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Boards Rescued...

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  • DougCrawford
    May not be a great save, but rooting through some boxes of boards at my local surplus place, I found: a huge 1983 NCR 2MB memory board with scads of 16MB dram
    Message 1 of 3 , Mar 8, 2013
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      May not be a great save, but rooting through some boxes of boards
      at my local surplus place, I found:

      a huge 1983 NCR 2MB memory board with scads of 16MB dram chips.
      I'm guessing from a Tower series. It not a bus board; it looks like
      it was stacked against a frame; it has locking ribbon cable connectors.

      a CPU board from what looks like an Altos 8000 series. The entire board
      is socketed. Loads of z80 stuff, 208K memory.

      An Altos 8" floppy controller board. Also all socketed.

      The boards are in pretty good condition and look complete.
      A little corrosion in spots. Edge pins are mangled in a few
      places,but straightenable.

      Its a shame they were torn out of their original enclosures!
      Don't know what I'm going to do with them.
      Make great displays if nothing else.
      Can post pics of anyone is interested.
    • Wesley Furr
      Doug, What is your relationship with your local recycle place? I ve got one here in town, but they don t seem very interested in keeping an eye out for old
      Message 2 of 3 , Mar 9, 2013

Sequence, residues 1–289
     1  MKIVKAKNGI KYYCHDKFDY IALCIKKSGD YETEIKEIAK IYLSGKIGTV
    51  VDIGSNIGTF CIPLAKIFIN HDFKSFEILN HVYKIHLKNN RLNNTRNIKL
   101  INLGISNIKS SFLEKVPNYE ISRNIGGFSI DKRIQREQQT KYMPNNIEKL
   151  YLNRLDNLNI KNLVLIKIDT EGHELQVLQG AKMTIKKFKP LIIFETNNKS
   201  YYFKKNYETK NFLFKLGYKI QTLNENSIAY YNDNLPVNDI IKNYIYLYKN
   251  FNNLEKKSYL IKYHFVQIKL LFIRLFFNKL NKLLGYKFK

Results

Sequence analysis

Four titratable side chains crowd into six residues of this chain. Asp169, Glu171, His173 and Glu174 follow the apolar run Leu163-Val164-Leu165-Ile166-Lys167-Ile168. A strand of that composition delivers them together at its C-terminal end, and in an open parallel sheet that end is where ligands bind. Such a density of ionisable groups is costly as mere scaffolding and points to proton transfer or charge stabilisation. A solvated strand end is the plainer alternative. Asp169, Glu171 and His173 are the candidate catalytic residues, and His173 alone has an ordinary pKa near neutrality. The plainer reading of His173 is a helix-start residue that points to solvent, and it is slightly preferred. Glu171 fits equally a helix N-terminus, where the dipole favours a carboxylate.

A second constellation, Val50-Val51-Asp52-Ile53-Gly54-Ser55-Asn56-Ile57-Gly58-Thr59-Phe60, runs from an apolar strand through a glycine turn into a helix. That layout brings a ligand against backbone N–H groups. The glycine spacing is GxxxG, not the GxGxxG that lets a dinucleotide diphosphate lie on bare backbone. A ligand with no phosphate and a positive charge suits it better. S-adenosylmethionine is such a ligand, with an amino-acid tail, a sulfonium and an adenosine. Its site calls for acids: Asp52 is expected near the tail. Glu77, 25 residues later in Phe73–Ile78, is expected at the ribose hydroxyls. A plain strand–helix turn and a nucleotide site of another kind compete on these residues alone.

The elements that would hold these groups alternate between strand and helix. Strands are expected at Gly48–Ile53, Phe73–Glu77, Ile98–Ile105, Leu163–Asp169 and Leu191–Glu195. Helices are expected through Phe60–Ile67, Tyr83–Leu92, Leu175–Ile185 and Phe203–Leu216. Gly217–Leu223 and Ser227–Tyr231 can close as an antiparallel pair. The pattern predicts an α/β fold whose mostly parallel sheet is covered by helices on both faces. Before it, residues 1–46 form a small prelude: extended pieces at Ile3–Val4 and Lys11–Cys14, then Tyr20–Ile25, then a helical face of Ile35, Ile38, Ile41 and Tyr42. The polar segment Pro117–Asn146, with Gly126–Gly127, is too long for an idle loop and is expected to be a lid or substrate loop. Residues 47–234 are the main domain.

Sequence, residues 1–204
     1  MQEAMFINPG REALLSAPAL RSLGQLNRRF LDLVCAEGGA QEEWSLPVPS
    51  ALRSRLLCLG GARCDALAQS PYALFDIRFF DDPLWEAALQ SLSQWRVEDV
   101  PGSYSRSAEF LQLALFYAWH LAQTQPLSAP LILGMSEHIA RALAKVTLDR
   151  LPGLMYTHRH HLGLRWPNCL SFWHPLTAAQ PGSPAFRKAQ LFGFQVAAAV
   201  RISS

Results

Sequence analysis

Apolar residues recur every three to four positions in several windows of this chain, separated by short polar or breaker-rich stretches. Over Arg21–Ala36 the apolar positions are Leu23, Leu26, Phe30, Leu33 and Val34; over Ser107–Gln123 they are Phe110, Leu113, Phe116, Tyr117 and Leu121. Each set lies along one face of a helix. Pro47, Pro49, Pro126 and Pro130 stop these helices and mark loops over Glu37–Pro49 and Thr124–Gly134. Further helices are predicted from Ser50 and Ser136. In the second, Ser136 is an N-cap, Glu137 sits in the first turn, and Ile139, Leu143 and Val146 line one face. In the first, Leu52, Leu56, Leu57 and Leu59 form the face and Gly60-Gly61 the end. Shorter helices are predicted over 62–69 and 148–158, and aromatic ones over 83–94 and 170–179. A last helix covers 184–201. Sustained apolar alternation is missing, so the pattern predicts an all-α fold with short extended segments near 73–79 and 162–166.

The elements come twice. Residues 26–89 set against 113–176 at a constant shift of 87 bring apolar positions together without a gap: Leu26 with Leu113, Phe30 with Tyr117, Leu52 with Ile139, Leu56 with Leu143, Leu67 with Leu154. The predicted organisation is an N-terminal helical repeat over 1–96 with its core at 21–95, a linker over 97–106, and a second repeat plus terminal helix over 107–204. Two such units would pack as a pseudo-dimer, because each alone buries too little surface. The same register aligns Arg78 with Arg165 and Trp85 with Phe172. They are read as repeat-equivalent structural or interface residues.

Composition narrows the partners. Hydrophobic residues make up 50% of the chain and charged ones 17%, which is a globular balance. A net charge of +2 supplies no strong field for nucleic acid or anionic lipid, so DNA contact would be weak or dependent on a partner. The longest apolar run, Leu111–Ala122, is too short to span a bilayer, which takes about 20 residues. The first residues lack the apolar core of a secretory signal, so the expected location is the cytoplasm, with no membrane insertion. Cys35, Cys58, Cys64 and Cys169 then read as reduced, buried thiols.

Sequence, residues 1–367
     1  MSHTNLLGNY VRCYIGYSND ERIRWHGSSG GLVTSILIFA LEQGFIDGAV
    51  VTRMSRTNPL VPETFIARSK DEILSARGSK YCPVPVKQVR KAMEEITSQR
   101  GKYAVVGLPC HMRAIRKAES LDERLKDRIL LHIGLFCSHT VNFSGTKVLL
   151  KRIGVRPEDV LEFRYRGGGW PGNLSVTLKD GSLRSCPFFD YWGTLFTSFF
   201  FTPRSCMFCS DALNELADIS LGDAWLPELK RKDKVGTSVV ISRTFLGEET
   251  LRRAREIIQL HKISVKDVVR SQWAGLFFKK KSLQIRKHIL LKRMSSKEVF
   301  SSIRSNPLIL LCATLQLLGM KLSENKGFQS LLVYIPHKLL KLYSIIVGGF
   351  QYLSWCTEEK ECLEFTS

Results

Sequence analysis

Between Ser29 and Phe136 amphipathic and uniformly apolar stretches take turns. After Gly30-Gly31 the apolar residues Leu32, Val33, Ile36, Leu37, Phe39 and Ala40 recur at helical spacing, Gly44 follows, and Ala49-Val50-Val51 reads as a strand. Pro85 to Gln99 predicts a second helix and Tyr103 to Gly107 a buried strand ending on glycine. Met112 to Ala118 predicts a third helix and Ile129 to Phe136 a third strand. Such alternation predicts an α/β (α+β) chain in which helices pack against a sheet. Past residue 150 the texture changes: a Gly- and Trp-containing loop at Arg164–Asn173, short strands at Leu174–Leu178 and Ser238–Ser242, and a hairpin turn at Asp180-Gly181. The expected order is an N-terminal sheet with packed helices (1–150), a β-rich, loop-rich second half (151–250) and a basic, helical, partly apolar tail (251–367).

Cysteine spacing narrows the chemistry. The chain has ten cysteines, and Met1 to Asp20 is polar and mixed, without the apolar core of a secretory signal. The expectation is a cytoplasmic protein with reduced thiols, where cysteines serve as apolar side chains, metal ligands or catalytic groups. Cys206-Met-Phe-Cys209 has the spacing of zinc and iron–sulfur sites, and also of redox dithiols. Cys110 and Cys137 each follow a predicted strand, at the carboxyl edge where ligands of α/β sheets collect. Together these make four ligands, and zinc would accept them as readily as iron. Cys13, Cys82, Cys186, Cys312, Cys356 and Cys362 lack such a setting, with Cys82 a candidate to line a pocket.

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        Doug,

        What is your relationship with your local recycle place? I've got one here
        in town, but they don't seem very interested in keeping an eye out for old
        stuff. The manager changed over a while back and I thought I was in (the
        prior guy didn't give a crap), but now I'm beginning to wonder. Did get a
        few things...but only because I was lucky the day I dropped by and they were
        laying around (some middle-aged Mac stuff). They also had some of the
        old-school all-in-one Mac's, but they took them around back and destroyed
        them to be sure there weren't hard drives in them...rather than investigate
        to find out they didn't (apparently they require a LONG torx driver to open
        them up properly). The only things they leave sitting out for sale are
        new-ish computers that they've cleaned up and have for sale, and some
        monitors and accessories. Does your place have these boxes sitting around
        for anyone to come in and look through? Or do you ask? Or do they save
        stuff for you? Just curious how this works for other folks and what I might
        should try to do on my end to attempt to purchase some of the old stuff from
        them rather than it going in the recycle bin...

        Thanks,

        Wesley


        -----Original Message-----
        From: midatlanticretro@yahoogroups.com
        [mailto:midatlanticretro@yahoogroups.com] On Behalf Of DougCrawford
        Sent: Friday, March 08, 2013 3:17 PM
        To: midatlanticretro@yahoogroups.com
        Subject: [midatlanticretro] Boards Rescued...

        May not be a great save, but rooting through some boxes of boards at my
        local surplus place, I found:
      • DougCrawford
        Ah the frustrations! The place these boards came from has a fairly static inventory. Its not the kind of place that people drop stuff off at. The sad part here
        Message 3 of 3 , Mar 9, 2013
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          Ah the frustrations!
          The place these boards came from has a fairly static inventory.
          Its not the kind of place that people drop stuff off at.
          The sad part here is that a lot of the stuff has been
          stored for a long time in very non-idea atmospheric conditions.

          There is a recycling center that is more like what you